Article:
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What is the Difference between FPGA and ASIC ?

Application specific integrated circuits are chips that are manufactured with a fixed design.  In general, FPGAs are slower and consume more power and area than an ASIC implementation.  However, some newer high-end FPGAs can match the performance of an ASIC.


FPGAs (Field Programmable Gate Arrays) are chips created originally in 1985 to perform only digital functions but today they have already both analog and mixed signal blocks. Customers like to use FPGA because they are easy to use, and cost effective reprogrammable devices.  FPGA are known for their flexibility and their ability to be reprogrammed in the field. There is no need to have a full blown design flow and tooling, therefore the NRE investment is very low and as consequence time to market is fast.

The problem is that FPGAs are not fully customable, for example, one cannot add a specific analog block or integrate RF capability into an FPGA, those functionalities need to be implemented by external ICs, thus making the product larger in size and more costly.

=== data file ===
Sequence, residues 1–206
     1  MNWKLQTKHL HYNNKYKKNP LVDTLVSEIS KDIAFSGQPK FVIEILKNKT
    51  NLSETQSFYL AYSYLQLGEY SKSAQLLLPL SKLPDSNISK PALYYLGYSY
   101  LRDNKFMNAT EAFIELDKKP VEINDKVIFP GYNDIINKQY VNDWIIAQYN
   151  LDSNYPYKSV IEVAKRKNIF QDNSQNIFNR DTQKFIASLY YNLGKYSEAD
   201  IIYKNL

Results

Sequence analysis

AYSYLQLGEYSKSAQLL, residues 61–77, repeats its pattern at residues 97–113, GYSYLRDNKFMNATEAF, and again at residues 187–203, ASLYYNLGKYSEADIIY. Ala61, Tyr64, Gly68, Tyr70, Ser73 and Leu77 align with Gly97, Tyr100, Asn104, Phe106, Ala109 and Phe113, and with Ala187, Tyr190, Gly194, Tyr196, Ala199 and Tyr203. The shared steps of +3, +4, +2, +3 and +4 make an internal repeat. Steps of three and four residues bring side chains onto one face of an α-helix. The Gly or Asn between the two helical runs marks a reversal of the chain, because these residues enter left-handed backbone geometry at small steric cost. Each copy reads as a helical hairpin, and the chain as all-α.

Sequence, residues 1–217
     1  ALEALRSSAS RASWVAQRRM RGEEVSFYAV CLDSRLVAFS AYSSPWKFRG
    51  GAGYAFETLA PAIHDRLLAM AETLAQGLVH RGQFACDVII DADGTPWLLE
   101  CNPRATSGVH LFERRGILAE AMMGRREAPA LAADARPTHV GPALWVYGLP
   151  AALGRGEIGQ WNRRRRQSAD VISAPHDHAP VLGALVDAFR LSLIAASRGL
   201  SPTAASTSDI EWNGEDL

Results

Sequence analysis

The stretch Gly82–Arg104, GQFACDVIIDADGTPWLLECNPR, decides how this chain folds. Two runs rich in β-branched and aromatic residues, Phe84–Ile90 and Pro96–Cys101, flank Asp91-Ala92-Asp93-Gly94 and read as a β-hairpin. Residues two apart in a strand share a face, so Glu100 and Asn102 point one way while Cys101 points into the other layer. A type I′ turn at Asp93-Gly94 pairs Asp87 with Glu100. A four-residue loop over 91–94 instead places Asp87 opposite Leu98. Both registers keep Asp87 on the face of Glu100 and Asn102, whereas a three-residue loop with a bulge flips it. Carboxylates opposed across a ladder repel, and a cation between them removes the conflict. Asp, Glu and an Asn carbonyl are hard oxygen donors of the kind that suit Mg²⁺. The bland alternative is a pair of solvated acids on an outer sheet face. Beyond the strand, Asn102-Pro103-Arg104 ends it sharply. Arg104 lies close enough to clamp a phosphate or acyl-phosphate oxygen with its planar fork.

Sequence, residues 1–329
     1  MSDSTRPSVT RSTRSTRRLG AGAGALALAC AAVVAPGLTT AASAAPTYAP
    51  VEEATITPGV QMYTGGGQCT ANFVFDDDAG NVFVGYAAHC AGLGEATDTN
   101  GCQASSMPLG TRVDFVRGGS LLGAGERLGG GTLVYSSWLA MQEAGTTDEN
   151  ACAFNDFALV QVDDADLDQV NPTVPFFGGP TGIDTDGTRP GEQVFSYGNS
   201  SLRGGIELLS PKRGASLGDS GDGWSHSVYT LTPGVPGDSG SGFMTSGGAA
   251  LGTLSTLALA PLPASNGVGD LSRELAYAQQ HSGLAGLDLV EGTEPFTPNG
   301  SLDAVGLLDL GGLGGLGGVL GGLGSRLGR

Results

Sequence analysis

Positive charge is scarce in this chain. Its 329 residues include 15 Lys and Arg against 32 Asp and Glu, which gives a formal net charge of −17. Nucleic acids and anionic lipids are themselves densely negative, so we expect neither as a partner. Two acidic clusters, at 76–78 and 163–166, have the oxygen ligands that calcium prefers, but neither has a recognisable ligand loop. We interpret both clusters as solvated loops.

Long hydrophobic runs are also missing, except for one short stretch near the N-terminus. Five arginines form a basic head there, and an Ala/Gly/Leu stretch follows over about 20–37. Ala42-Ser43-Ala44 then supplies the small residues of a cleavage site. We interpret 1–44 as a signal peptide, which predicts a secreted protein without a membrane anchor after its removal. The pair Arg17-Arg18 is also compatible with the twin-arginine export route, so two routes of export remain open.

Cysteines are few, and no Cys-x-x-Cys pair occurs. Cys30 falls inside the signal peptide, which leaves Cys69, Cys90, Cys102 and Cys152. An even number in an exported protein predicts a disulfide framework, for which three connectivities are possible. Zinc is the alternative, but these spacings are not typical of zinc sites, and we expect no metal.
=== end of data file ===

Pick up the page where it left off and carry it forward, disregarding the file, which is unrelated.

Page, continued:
ASICs (Application Specific Integrated Circuits) are specific chips (as the name suggest) used to implement both analog and digital functionalities in high volume or high performance. ASICs are full custom therefore they require higher development costs in order to design and implement (NRE). Moreover, unlike the FPGAs chips, they are not reprogrammable and therefore a change requires again NRE payment.

On the other side, however, ASICS are much denser, and one can integrate several different functionalities into one chip and therefore offer small size, low power and low cost solution.


FPGAs do have two significant advantages over ASICs.

First, FPGA systems are much cheaper than a custom chip, especially in low quantities.

In addition to designing the behavioral model, an ASIC requires the physical design of the chip die itself as well as silicon wafer manufacturing, which is not cheap.

Second, FPGAs can be reprogrammed, while an ASIC is permanent.

In fact, even when the end goal is an ASIC, most engineers will use an FPGA for testing purposes in order to work out any problems; design of the behavioral model is virtually identical.



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